According to the World Health Organization (WHO), elder abuse is defined as "a single, or repeated act, or lack of appropriate action, occurring within any relationship where there is an expectation of trust which causes harm or distress to an older person".
Elder abuse has emerged as an important social public health issue. It is reported that 1 in 10 elderly adults experience some form of abuse. But … with only 1 in 24 cases of elder abuse being reported, true numbers are likely much higher. Sadly, with the increasing aging population worldwide, the problem of elder abuse is likely to increase exponentially too. By 2050, the global population of 60+ adults are predicted to more than double to 2 billion from 900 million in 2015.
Most victims of elder abuse are women, but typically any elderly person who has no family or friends are easy targets; those who most likely suffer from some sort of physical disability, memory loss, or dementia; and those who depend on others for help with activities of daily living (ADLs) such as bathing, dressing, and medications.
When you hear the term “elder abuse,” you might automatically think of physical abuse. However, abuse can also be emotional or psychological abuse, sexual abuse, neglect or abandonment by caregivers, financial exploitation, healthcare fraud abuse, and self-neglect.
The following are examples of abuse as depicted on the National Institute on Aging’s website. See if you can detect the kind of abuse being illustrated.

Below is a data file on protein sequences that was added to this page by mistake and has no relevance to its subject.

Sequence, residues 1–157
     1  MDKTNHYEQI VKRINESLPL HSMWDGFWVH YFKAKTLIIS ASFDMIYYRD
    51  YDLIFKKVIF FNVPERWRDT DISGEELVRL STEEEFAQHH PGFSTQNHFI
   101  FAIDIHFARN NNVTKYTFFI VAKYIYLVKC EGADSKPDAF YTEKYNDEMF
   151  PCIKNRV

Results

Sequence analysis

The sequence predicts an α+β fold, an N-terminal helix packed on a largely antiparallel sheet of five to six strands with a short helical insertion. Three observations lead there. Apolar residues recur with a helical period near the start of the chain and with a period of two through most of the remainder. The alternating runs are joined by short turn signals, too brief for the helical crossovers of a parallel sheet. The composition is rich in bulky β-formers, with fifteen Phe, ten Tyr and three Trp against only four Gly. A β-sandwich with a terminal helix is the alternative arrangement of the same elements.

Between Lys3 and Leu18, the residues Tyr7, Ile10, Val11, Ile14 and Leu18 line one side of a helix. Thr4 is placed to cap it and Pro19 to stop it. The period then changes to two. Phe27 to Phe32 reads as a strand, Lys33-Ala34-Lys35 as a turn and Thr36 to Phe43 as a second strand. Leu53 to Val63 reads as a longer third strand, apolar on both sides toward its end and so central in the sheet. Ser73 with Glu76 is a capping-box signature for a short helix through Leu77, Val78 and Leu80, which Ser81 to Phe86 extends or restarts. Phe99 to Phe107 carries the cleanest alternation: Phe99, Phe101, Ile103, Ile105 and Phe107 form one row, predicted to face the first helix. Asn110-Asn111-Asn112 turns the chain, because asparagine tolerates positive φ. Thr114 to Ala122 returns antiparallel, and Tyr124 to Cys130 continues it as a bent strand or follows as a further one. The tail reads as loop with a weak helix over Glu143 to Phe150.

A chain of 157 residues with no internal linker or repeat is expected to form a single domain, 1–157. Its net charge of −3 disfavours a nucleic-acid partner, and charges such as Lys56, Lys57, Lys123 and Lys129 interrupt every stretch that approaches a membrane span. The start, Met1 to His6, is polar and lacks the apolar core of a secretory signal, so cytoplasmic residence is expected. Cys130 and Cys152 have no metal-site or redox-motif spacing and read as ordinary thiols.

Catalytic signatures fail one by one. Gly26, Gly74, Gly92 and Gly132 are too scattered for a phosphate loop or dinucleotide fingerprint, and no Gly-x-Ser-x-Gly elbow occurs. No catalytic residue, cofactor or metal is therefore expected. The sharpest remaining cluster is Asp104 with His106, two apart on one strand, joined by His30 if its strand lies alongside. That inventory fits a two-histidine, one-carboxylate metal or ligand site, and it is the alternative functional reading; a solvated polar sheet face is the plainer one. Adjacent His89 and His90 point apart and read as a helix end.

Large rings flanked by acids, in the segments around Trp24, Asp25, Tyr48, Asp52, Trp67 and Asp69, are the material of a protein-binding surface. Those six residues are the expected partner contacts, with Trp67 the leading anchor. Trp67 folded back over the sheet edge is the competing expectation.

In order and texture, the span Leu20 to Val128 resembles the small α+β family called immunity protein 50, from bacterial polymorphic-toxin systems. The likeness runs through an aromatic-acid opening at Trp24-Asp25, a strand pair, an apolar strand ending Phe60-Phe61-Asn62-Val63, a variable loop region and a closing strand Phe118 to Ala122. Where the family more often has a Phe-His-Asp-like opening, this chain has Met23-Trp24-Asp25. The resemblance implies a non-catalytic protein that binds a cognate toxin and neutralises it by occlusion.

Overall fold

Gerald, 73, had a stroke which left him unable to care for himself. His son offered to help. Gerald moved in with his son and his family. But … Gerald's son and daughter-in-law worked all day and were busy with their kids in the evenings. Gerald hated being a burden on them and tried to take care of himself.
One day, Gerald's friend, Carmen, came to visit. She was surprised to see food stains on his clothes and sores on his heels. His room smelled like urine, too. Gerald seemed depressed and withdrawn — not at all like the jolly, witty friend she'd known for years.
Gerald was being neglected by his family caregivers by leaving him alone (to fend for himself) during the day and not providing proper care for him (in the evenings) when they were home.
After his mother died, Victor started looking after his 80-year-old grandfather, Jasper. Because of his failing eyesight, Jasper could no longer drive to the bank. So, Jasper permitted Victor to withdraw money from the bank every month to pay bills. Lately, it seems the bank balance is lower than it should be.
Victor is abusing Jasper by taking advantage of his poor eyesight and financially exploiting him for his own benefit.
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The State of Texas Attorney General’s office recommends that if you have a family member or know someone in long term care (i.e., assisted living, retirement community, memory care center, rehabilitation facility, etc.) and you suspect an abusive situation taking place, please discuss the matter with the administrator of the community or home health agency. If you have specific information of a situation where abuse, neglect or exploitation has taken place, you are required by Texas law to report it. If the victim is in his/her home and a home health agency is involved, please call the Texas Department of Aging and Disability Services at (800) 458-9858. Or … you can call Adult Protective Services at (800) 252-5400.